3. Cook up lower food costs. Not eating is one way to reduce food expenditures, but you might not find that solution all that appetizing! Thankfully, there are many *other* ways to keep your food costs low. One is to avoid eating at restaurants and instead learn to cook for yourself. Making your own food is often healthier (if you make the right meals!), and because you put in all that hard work, you end up enjoying the food more. When you go to buy the groceries you’re going to cook up, avoid name-brand products and instead go for store brands. They are usually the same quality (and sometimes the same product) as the name brand at a lower price.
4. Get up and go for less. Getting to and fro on a daily basis can get expensive if you don’t keep an eye on your expenses. Many people rely on cars for their transportation. Cars can be a tremendous financial burden, especially if you borrow to buy or lease the car. When possible, opting for public transportation is a great way to save money. And in some cities, it allows you to avoid having a car altogether. Another great option is to opt for two wheels instead of four. Riding your bike has the double benefit of saving you money and being great exercise.
“If you must have a car, look at cheaper options than financing or leasing one,” says Tyson. “Spending on cars is one of the leading causes of overspending and undersaving. The main reason people end up spending more than they can afford on a car is that they finance the purchase. When buying a car, you should buy one you can afford with cash, which for many people means buying a good-quality used car.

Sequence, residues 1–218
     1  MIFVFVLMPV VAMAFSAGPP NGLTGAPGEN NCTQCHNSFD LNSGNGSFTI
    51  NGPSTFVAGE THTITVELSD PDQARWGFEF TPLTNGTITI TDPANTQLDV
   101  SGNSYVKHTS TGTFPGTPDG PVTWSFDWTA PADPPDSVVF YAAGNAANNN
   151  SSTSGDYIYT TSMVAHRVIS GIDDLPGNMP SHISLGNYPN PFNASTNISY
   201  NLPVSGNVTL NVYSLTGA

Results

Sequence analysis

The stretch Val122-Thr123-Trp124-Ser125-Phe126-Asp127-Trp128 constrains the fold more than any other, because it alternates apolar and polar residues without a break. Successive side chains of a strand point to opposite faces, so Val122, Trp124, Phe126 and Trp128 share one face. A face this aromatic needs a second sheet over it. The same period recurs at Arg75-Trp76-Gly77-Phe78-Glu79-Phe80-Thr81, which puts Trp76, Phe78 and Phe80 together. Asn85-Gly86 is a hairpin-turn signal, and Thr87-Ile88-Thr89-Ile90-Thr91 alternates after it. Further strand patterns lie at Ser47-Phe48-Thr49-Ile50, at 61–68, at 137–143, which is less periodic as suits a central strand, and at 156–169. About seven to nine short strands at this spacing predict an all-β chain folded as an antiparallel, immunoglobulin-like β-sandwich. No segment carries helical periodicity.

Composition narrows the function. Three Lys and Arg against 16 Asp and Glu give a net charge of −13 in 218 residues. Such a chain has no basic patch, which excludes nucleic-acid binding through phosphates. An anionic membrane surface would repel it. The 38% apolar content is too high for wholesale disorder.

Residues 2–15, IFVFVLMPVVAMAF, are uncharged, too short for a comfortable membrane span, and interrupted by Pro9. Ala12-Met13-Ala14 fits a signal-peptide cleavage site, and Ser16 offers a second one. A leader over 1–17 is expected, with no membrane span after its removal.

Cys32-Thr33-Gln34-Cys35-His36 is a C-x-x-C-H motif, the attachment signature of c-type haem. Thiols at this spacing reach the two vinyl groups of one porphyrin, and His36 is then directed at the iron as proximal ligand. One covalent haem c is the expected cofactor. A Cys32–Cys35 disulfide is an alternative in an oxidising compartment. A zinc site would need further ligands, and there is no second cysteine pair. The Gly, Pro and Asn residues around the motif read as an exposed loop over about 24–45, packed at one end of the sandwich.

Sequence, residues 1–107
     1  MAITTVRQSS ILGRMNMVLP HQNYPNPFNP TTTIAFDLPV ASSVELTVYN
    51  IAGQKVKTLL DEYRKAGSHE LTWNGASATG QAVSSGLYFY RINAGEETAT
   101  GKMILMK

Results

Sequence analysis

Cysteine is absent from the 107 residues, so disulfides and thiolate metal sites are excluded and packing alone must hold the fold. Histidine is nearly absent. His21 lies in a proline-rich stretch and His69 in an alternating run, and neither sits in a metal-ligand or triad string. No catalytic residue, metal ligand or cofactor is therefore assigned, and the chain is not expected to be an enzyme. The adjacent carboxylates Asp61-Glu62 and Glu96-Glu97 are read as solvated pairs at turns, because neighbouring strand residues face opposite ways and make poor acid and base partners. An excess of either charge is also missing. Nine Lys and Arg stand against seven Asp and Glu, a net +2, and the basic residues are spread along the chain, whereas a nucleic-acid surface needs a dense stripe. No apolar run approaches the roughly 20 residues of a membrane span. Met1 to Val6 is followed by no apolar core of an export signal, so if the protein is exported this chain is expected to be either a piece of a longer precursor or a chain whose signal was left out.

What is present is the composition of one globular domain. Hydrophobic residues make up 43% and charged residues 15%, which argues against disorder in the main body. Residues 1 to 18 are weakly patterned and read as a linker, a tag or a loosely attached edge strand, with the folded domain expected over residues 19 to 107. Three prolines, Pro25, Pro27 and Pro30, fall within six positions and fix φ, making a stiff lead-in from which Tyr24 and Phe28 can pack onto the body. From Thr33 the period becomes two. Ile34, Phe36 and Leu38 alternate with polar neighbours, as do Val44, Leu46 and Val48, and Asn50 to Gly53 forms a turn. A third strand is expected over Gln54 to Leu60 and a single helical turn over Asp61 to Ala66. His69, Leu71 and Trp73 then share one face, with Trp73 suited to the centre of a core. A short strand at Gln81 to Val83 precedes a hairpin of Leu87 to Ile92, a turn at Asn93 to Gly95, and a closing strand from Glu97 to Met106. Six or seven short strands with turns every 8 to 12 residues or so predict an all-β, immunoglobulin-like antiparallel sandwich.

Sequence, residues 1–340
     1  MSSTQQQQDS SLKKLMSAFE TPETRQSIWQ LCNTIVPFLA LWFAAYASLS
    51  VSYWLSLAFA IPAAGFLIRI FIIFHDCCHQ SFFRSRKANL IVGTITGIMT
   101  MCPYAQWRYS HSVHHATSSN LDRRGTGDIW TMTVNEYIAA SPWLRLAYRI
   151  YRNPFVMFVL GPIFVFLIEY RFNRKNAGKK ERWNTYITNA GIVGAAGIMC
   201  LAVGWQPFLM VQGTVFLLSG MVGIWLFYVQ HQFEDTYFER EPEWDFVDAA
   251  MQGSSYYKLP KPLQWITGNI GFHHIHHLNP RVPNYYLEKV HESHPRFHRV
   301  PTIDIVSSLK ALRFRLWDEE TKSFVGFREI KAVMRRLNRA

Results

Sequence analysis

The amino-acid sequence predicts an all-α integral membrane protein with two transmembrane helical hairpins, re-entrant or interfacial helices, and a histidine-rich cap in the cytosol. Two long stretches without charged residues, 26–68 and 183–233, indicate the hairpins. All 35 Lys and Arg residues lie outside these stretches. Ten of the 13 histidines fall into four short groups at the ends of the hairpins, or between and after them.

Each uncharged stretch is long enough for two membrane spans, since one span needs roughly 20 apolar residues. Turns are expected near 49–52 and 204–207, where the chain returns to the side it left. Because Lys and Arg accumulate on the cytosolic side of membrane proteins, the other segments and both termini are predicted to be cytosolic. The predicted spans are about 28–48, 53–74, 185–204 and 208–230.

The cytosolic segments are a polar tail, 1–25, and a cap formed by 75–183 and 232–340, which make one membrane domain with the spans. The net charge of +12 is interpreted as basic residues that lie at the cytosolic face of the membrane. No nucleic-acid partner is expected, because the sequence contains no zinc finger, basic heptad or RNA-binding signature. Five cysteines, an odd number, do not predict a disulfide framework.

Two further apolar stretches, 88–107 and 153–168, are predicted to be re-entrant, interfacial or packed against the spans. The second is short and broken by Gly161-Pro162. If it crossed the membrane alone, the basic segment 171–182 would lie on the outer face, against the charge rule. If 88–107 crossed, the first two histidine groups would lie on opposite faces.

5. Finesse your fashion finances. When you’re starting your first “real” job, it’s only natural to want to look your best. But looking your best doesn’t have to require that you wear only the latest fashions. In fact, you really don’t need to buy lots of new clothes every year. True fashion, as defined by what people are actually wearing day to day, changes quite slowly. In fact, the classics never go out of style. If you want the effect of a new wardrobe every year, store last year’s purchases away next year and then bring them out the year after. Or rotate your clothing inventory every third year.
“You might also want to consider avoiding buying wools and silks that require costly dry cleaning,” notes Tyson. “Or, rather than shop at the mall or fashion boutiques, buy gently used clothing at consignment shops, vintage shops, or online. When you do go to the mall, go when the stores are having huge sales with major price reductions. And minimize the amount you spend on accessories. Shoes, jewelry, handbags, and the like can gobble up large amounts of money.”
6. Budget your fun funds. Having fun and taking time out for recreation can be money well spent. However, if you engage in financial extravagance in the name of fun, you can quickly wreck an otherwise good budget. Spending more money shouldn’t be equated with having more fun. Many movies, theaters, museums, and restaurants offer discount prices on certain days and times. And other recreational options, such as visiting with friends, hiking, reading, and playing sports, can be good for your finances as well as your mental and physical health.
7. Tame your technology spending. These days it seems like there is a never-ending stream of new gadgets. Unfortunately, though, the cost of these gadgets adds up. Err on the side of keeping your life simple. Doing so costs less, reduces stress, and allows more time for the things that really do matter in life.
“Remember, there’s no prize for being the first person to get something new,” notes Tyson. “When new gadgets first hit the market, prices are high and the gadget inevitably has bugs. Wait a couple of years and your patience will be rewarded with much lower prices and more reliable products.
Personal Finance in Your 20s For Dummies (Wiley, 2011)